Families with Low Incomes and the Child Tax Credit: Who is Still Missing Out?
By Natasha Pilkauskas and Katherine Michelmore
Since July, the vast majority of families with children under 18 have been receiving a monthly payment from the Internal Revenue Service (IRS) as part of the temporarily expanded Child Tax Credit (CTC) included in the American Rescue Plan Act (ARPA). The expanded CTC is much larger than the previous version, providing families with an annual credit worth $3,600 per child under age 6 and $3,000 per child aged 6 to 17. Families are receiving half the total tax credit as monthly payments ($250-$300/child) between July and December this year, with the remainder of the credit paid out after parents file their 2021 taxes.
The current policy is distinct from other tax credits in that it is paid monthly and available for families even if they have no earnings, similar to monthly child allowances available in many Western nations. The goal of the expanded CTC, and similar programs in other countries, is to help parents manage the added costs of raising a child to better ensure healthy child development. Because this credit goes to families with little or no earnings, it has the potential to dramatically reduce child poverty. In fact, estimates suggest the CTC expansion could reduce child poverty by as much as half and that the first few months of the credit have already lifted 3.5 million children out of poverty.
However, the full anti-poverty impact of the expanded CTC will only be realized if all eligible families receive their payments. Although the IRS reported that 60 million children received the CTC (or 90% of those eligible to receive the credit), millions of children are still not benefiting from the CTC. In this brief, we try to better understand which children are still not receiving
the monthly benefit.
To examine this question, Poverty Solutions partnered with Propel, creators of the Providers app (formerly Fresh EBT), which helps more than 5 million low-income families manage their Supplemental Nutrition Assistance Program (SNAP) benefits. Families in our study have very low incomes, making on average a little over $10,000 per year, and many (about 30%) are unemployed. By focusing on a population of parents with low incomes, this brief focuses on CTC receipt among a group that is particularly likely to be at risk of not receiving payments. We highlight new findings regarding receipt of the tax credit among a very low-income population, building on findings reported in an earlier brief.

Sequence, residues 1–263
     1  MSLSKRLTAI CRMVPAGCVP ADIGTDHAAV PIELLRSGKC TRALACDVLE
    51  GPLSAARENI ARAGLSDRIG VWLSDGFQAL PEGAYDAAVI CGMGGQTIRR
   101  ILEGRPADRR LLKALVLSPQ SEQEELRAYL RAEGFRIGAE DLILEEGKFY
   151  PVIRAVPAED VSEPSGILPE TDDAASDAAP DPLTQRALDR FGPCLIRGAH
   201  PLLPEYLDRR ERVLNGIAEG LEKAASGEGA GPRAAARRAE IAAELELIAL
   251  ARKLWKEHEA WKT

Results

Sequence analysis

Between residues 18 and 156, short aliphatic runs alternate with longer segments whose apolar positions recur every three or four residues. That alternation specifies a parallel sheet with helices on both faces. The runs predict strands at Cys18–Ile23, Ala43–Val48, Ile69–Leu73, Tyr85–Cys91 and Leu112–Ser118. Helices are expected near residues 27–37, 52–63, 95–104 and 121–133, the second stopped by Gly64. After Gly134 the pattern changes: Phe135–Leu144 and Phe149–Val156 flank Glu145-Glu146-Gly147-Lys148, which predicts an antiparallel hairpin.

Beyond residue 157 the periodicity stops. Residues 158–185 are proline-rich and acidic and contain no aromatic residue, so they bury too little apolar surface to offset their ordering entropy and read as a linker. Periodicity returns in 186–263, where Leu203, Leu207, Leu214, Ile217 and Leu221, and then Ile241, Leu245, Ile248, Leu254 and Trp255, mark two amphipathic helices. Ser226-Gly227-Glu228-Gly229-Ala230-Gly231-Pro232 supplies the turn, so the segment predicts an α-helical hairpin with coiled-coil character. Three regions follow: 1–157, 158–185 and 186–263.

- Sixty-eight percent of families with very low incomes got the October Child Tax Credit (CTC) payment, a rate of receipt that is comparable to the August and September payments.
- Although a total of 32% of families with very low incomes did not receive the October CTC payment, 4% had filed for the credit but were awaiting a payment, and another 7% reported not receiving the credit for “valid” reasons, such as opting to get the lump sum payment or another parent receiving the credit. Thus, about 1 in 5 eligible parents (21%) did not receive the October CTC payment for other reasons.
- Employed parents and families with at least $500 of monthly earnings were substantially more likely to receive the October CTC than unemployed parents and families with little or no monthly earnings, suggesting that the expanded CTC is still missing the most vulnerable families.
- Hispanic parents and those who took our survey in Spanish were much less likely to have received the October CTC, despite relatively high rates of tax filing, suggesting additional barriers faced by these groups.
Our findings suggest the CTC is reaching the majority of families with low incomes. Each month, about two-thirds of respondents report receiving a CTC payment, and as of November, approximately three-quarters of respondents reported receiving a payment in at least one month between July and October. While these rates are somewhat lower than those reported elsewhere, the respondents in our survey are much more economically disadvantaged than the population overall. Additionally, many of those who report not receiving the CTC in October state they did not receive the credit for some other valid reason, such as another parent claiming the child or opting for a lump sum payment (7%), and another 4% report their credit is pending, which may represent a payment in progress or another potential issue we cannot observe. Together, this suggests that about 75%-80% of families either received the benefit in October, are waiting to receive it, or did not receive the credit for valid reasons.
Nonetheless, this high overall rate of receipt masks significant economic disparities in who receives the benefit within this low-income sample. Although we cannot determine why families are not yet receiving the credit, it is clear that employed individuals and those with higher family income were substantially more likely to report receiving the CTC in October, suggesting the monthly credits are still not reaching the most vulnerable families.
As Congress debates a potential extension of the expanded CTC, it is essential we continue to search for ways to reach families who have not yet gotten the CTC to reduce the disparities we discuss here. Additionally, we continue to find relatively low rates of CTC receipt among Hispanic parents and households that took the survey in Spanish, despite similar rates of tax filing between these groups and other respondents. This finding suggests Hispanic and Spanish language parents face additional barriers in receiving their monthly CTC benefits, an area that requires further research to understand why this differential might occur.